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  • Zimbabwe's Elections 2013 - Index of Articles

  • Concourt rapped for withholding judgment reasons bedroom
    Dumisani Sibanda, NewsDay

    September 06, 2013

    Failure by the Constitutional Court (ConCourt) to give reasons for its dismissal of a case where parties in the outgoing inclusive government were seeking postponement of the July 31 elections had created unnecessary anxiety, a local legal agency has said.

    Veritas, an organisation that provides information and interprets parliamentary proceedings and national laws, issued a statement on Monday, saying it was imperative that the ConCourt disclosed the reasons for its ruling issued two months ago.

    The application in question was jointly filed by outgoing Justice minister Patrick Chinamasa, MDC-T leader Morgan Tsvangirai, MDC president Welshman Ncube and a civic society activist Nixon Nyikadzino following recommendations by Sadc leaders who had indicated the July 31 date set for the polls was too early before implementation of stated reforms.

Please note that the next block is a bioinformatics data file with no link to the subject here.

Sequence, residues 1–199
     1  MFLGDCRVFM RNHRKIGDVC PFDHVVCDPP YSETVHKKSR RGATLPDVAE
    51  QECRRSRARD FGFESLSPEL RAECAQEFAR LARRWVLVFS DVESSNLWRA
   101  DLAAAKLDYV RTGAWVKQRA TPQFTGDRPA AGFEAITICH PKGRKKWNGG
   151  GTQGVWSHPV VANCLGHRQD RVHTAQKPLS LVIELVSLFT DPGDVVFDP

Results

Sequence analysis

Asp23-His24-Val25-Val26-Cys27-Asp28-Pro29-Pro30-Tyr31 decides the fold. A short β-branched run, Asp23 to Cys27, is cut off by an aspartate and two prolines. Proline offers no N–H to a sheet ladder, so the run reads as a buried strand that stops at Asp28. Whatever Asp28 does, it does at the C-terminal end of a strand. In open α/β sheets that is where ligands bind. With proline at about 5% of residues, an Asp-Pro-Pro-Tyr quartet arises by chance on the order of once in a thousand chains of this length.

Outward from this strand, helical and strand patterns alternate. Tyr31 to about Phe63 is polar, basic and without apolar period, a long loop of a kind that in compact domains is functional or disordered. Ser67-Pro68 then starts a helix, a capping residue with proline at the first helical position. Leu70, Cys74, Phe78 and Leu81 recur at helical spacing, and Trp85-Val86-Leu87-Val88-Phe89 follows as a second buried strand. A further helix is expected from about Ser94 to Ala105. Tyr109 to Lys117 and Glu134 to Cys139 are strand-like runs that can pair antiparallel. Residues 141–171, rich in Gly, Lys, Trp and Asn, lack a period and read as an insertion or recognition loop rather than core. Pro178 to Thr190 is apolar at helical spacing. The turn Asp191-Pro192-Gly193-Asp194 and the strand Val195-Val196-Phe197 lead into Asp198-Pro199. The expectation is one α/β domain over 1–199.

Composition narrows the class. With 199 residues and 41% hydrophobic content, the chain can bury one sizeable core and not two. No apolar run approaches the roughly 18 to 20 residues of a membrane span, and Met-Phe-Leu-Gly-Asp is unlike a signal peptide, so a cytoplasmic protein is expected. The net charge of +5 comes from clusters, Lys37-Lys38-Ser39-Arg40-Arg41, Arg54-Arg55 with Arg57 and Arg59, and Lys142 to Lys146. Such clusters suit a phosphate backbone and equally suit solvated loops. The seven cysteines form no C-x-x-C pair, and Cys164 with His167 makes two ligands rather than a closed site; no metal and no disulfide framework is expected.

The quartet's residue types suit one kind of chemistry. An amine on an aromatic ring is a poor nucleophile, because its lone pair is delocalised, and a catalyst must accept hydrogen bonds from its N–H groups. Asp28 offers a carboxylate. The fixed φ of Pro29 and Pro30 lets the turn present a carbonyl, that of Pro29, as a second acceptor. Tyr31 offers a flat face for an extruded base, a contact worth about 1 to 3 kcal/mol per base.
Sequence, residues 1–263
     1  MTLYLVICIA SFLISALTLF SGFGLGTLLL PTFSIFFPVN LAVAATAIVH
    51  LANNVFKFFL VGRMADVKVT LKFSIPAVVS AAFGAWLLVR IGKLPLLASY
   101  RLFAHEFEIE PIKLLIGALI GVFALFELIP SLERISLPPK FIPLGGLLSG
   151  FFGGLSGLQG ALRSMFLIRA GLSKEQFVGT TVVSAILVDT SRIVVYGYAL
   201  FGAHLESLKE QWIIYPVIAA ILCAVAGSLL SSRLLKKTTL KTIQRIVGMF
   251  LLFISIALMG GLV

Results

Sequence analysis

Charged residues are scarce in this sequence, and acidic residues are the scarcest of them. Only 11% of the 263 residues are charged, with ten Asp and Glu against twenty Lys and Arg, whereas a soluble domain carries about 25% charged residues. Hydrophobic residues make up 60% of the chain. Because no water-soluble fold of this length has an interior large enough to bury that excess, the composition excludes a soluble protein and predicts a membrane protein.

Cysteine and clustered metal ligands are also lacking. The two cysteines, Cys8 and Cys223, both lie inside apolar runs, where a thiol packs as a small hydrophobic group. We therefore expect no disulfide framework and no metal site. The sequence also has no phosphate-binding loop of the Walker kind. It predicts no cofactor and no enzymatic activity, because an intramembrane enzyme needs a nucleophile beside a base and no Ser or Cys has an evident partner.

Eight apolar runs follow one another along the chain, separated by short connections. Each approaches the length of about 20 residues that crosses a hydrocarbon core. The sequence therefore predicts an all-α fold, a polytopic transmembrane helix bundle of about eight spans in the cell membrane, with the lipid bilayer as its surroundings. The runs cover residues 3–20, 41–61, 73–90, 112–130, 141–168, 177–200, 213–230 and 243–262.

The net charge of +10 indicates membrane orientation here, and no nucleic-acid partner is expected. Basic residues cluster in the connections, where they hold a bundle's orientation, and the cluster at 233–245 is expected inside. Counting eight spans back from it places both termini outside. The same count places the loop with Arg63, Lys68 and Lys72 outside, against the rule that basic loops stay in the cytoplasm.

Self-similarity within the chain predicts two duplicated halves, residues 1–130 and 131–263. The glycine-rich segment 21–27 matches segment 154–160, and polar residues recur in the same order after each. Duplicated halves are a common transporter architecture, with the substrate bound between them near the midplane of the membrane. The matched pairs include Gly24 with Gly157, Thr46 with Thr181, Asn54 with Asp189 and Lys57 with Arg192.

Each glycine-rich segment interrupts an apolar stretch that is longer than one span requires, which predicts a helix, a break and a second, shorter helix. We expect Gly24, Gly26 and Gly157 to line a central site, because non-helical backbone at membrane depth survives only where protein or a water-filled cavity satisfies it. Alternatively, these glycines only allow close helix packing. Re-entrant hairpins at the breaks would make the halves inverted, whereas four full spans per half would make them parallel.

This was after President Robert Mugabe’s proclamation of July 31 as the date for elections.

    “The absence, two months on, of the Constitutional Court’s reasons for judgment explaining its 4th July decisions is a cause for concern,” Veritas said.

    It said the public was entitled to know why the court reached its unanimous decision on such an important issue.

    “Even a short summary of the thinking underlying the court’s conclusion, to be elaborated in a full judgment later, would have been helpful,” the agency said.

    Veritas added: “The reasons for judgment serves an important function in maintaining the rule of law, by demonstrating the independence, impartiality and accountability of the courts, maintaining public confidence in the administration of justice, and preventing undesirable speculation as to judicial impartiality.

    “A formal court order, not accompanied by or at least promptly followed up by detailed reasons for judgment, will tend to increase undesirable public suspicion and dissatisfaction, and prompt accusations of arbitrary use of the judicial power, no matter how unjustified suspicion, dissatisfaction and accusation may be in fact.”

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